For those of you who haven’t experienced the pleasure of wine and books, wine is the perfect accessory to your reading time. Not only do you look classy, you get a good buzz going while the worlds you read come to life before your eyes. If you don’t believe me, just try it the next time you get ready to unwind with a good book.
Now the question is: which wine goes with which book? Or vice versa? To give you an idea of merging flavors with genre/tone/style, here is a list of some excellent books and the wines that would pair beautifully with them. Commençons!
The Count of Monte Cristo: Cabernet Sauvignon
The book is a classic tale about vengeance, but also about endearing hope and compassion. When a man is wrongly imprisoned, he vows to do whatever’s in his power to seek justice on those who have wronged him. There’s also romance and poison and betrayal and—it’s just really cool, okay? There’s a lot to the story, and it’s told with rich detail and sensuous layers.
The perfect compliment to this book would be a cab sauvignon. Full-bodied, strong, and elegant all at once.
The Song of Achilles: Pinot Grigio
If you haven’t read this book, get thee to a library. It takes the classic story of The Iliad and gives it a different angle: the point of view of Patroclus, Achilles’ friend and lover during the Trojan War. The familiar story is told in a fresh, clean, lyrical way that can leave you spellbound and ugly crying by the end. The fantastical elements and the vivid voice give this book a bright finish.
The best wine to go with this? Pinot grigio. Airy and crisp, but with a zing that reminds you of the bitterness of war and old, raging kings whose wives get stolen (it happens).
The Winner’s Curse: Syrah
This young adult fantasy book is opulent in both language and content. Told in the alternating viewpoints of a rich general’s daughter and the slave she buys at auction, The Winner’s Curse brings us into a world of dueling nations and forbidden romance. It deals with the sticky gray area of morals and motives, and the theme of biting off more than you can chew. The poetic prose and intriguing characters help make this book sweetly complex.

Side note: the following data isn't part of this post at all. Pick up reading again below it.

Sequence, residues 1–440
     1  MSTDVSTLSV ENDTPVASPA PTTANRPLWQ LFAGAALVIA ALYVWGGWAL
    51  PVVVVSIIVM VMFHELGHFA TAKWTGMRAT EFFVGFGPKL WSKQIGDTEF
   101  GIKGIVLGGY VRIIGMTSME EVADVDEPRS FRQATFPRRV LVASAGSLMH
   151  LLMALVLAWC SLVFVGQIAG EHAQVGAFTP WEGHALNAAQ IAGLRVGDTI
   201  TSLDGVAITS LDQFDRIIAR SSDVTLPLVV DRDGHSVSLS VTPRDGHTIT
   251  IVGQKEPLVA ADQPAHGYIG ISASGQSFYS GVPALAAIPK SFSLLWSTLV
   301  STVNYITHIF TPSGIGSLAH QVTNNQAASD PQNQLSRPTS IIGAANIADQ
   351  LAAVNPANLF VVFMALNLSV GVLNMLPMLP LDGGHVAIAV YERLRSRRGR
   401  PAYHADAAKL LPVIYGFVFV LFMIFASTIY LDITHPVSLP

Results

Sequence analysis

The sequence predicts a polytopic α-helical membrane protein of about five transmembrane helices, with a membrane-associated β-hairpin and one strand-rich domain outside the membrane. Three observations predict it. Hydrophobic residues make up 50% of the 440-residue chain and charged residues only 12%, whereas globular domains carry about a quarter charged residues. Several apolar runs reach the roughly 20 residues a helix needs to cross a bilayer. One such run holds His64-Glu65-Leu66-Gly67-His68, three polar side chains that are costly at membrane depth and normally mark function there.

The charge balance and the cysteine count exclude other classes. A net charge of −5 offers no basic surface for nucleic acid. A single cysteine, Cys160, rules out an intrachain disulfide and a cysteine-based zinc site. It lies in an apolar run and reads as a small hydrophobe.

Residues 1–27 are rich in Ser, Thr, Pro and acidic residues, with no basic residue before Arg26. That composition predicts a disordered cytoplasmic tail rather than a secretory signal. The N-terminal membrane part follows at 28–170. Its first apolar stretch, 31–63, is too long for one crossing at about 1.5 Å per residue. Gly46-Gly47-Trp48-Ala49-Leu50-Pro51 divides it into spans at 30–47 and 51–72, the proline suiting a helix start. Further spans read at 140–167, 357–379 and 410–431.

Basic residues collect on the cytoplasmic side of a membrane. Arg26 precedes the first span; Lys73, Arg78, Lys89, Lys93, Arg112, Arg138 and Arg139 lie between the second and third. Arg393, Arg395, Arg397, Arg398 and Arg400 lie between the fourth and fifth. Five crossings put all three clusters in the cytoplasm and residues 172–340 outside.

For this book, I would try syrah. Syrah is a graceful wine with a powerful flavor, perfect for the punch in the feels this book will give you.
Neil Gaiman’s books are always beautifully different, and Stardust is no exception. Unlike his other books, however, this one is written in a traditionally English style of fantasy that verges on the pastoral. The fantasy tropes are presented in a fun, almost satirical way, and the language is crisp and simple. The story takes you all over the place, from the village of Wall to a pirate ship in the sky. The romance is fluid yet deep. A quick and satisfying read.
Riesling would be great for this book. Sweet and floral with fruity flavors that really open up the palette. Best enjoyed on a pirate airship.
Pride and Prejudice: Pinot Noir
Come on, all together now:
All of that aside, this is another classic book that withstands the test of time. Elizabeth Bennet meets Mr. Darcy, a churlish individual who slights her when they first meet. But over the course the of story, they realize that their first impressions of each other were wrong and fall in love despite themselves. The book focuses on the consequences of misunderstanding and judging a person before you get to know them. Stylish and whimsical with dry, almost snarky wit, Pride and Prejudice just screams to be read while fondling a glass of red wine.
And that glass should be full of pinot noir. Somewhat dry, lush, and strong in flavor. The more you drink, the more you can swoon over Mr. Darcy with a winsome flush on your face.
Okay, one more:
I’ll Give You the Sun: Rosé
Seriously, this book. If you haven’t read it, you are missing out big time. The book is split between two voices: Noah and Jude, twins who experience the heartbreak and freedom of growing up and growing apart. The story centers around jealousy and first love, and how the things you create can also destroy you. It’s so full of art and love and hope that it will make you want to remake the world.
Rosé is the right wine for this one. It can be dry or it can be sweet, or a somewhat tart, somewhat sugary blend of both. Perfect when you blend the twins’ voices, which are both acidic and poetic.
The Fault in Our Stars: Not wine, but champagne. Come on, it couldn’t be anything else. “We have bottled the stars this evening.” *weeps forever*
Outlander: No wine. Whiskey. Lots of it.
So there you have it: wines to pair with the books you love, or are hopefully going to get from the library this weekend. Happy reading, and happy drinking! (Please read and drink responsibly. Too much wine consumption may lead to excessive fangirling, ugly crying, or trying to make out with your book boyfriend).